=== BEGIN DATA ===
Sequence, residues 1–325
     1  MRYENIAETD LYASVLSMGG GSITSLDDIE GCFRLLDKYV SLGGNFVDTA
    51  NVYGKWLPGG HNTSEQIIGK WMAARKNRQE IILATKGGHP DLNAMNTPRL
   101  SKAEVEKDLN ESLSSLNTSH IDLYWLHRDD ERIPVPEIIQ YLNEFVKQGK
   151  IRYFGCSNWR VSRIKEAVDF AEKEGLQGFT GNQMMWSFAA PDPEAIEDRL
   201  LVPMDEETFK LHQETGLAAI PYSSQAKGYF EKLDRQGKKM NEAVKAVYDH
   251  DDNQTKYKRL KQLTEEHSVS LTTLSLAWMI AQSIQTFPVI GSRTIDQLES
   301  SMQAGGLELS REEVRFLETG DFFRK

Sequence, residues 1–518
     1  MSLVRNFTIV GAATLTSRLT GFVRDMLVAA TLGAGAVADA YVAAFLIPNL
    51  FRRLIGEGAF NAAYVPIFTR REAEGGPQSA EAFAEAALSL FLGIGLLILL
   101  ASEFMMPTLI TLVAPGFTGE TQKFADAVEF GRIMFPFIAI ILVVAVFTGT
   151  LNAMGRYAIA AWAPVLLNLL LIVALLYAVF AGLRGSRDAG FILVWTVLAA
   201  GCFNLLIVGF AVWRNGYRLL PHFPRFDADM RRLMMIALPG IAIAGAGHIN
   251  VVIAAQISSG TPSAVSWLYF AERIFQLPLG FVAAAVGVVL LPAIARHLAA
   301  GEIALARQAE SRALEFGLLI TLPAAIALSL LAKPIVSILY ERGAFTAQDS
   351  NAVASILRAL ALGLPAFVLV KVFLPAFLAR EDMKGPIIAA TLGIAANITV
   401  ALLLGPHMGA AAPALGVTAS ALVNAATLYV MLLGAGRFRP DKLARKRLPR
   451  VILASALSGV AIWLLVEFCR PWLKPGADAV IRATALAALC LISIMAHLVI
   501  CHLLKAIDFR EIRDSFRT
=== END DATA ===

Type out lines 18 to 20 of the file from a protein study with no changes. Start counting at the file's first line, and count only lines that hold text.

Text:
   401  ALLLGPHMGA AAPALGVTAS ALVNAATLYV MLLGAGRFRP DKLARKRLPR
   451  VILASALSGV AIWLLVEFCR PWLKPGADAV IRATALAALC LISIMAHLVI
   501  CHLLKAIDFR EIRDSFRT